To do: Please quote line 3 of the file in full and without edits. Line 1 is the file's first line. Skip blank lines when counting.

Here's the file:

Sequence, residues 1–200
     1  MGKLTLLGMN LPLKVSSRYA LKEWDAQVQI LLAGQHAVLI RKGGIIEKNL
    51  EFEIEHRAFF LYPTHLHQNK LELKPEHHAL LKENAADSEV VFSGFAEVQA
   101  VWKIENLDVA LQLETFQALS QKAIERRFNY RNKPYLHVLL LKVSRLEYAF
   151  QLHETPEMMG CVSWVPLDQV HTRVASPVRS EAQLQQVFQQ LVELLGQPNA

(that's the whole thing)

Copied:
    51  EFEIEHRAFF LYPTHLHQNK LELKPEHHAL LKENAADSEV VFSGFAEVQA